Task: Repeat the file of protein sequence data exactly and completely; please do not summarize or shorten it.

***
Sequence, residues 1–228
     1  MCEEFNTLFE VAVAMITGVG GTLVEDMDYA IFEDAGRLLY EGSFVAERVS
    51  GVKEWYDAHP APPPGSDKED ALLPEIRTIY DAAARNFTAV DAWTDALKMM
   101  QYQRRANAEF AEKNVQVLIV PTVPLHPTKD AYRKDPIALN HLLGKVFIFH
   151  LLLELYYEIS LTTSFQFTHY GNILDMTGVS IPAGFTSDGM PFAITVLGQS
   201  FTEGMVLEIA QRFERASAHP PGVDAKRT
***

Sequence, residues 1–228
     1  MCEEFNTLFE VAVAMITGVG GTLVEDMDYA IFEDAGRLLY EGSFVAERVS
    51  GVKEWYDAHP APPPGSDKED ALLPEIRTIY DAAARNFTAV DAWTDALKMM
   101  QYQRRANAEF AEKNVQVLIV PTVPLHPTKD AYRKDPIALN HLLGKVFIFH
   151  LLLELYYEIS LTTSFQFTHY GNILDMTGVS IPAGFTSDGM PFAITVLGQS
   201  FTEGMVLEIA QRFERASAHP PGVDAKRT